In the spirit of HPV awareness day celebrated on 4 March, here are some facts about the human papillomavirus, the illnesses it is linked to and its prevention through vaccination.
Did you know:
70-80% of people are infected with a human papillomavirus or HPV during their lifetime.
HPV spreads from human to human through skin-to-skin and mucous membrane contact.
The most common HPV-related cancer types are cervical cancer, anal cancer and oropharyngeal cancer.
35% of all women aged 20-25 are infected with a high-risk type of HPV which may cause cancer.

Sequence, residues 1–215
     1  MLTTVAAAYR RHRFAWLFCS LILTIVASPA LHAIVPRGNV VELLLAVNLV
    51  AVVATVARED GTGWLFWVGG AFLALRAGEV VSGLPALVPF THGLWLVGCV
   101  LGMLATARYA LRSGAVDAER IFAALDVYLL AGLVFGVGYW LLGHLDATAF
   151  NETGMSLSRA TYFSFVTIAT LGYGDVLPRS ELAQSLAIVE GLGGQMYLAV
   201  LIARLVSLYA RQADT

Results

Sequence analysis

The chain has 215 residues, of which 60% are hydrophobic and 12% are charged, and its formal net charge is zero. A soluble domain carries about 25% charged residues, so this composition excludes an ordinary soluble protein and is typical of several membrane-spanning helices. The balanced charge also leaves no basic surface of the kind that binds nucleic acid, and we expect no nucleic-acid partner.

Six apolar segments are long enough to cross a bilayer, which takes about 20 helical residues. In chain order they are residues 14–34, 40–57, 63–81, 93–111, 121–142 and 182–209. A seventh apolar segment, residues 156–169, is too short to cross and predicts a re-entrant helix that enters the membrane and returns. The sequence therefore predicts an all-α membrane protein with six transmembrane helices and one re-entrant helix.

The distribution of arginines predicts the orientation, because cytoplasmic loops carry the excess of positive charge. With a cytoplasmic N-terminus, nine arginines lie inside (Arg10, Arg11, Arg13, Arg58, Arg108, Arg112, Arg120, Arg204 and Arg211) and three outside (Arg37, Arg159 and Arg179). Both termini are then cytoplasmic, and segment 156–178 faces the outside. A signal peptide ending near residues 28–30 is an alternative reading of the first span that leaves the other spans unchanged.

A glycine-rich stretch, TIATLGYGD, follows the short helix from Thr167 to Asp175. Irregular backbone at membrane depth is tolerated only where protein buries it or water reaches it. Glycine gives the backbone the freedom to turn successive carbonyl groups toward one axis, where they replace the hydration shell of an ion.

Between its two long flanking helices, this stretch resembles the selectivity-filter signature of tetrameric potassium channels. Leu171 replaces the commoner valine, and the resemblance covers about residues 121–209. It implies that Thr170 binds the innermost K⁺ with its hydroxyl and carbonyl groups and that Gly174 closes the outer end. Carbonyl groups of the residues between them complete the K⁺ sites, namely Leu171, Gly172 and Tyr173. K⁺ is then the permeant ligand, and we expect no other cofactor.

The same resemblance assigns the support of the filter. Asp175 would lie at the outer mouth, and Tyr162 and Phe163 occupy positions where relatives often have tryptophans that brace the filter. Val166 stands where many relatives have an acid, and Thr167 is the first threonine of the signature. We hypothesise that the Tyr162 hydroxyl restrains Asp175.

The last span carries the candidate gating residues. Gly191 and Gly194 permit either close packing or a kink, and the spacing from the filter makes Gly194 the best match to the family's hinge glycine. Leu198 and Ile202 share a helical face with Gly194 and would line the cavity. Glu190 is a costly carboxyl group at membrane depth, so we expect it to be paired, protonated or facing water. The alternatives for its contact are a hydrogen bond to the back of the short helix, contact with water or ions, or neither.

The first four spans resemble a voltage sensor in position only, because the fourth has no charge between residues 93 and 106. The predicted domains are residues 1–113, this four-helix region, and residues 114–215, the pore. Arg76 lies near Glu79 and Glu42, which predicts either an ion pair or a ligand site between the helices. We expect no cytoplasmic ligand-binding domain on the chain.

HPV is to blame for nearly 100% of cases of cervical cancer.
In Estonia, 170-180 women develop cervical cancer every year and on average 65 women die as a result.
Vaccination against HPV helps prevent infection with high-risk HPV and avoid certain HPV-related illnesses.
Vaccination against HPV is most effective before coming into contact with the virus and is recommended primarily for young women and men aged 9-26.
As a preventive measure against cervical cancer, 12-year-old girls receive the HPV vaccination free of charge as part of the national vaccination plan. This prevents permanent HPV infections and the precancerous conditions and tumours caused by HPV in 85-95% of cases.
This vaccine has been used for over a decade elsewhere in the word and its effect is obvious – cervical changes caused by HPV have reduced significantly.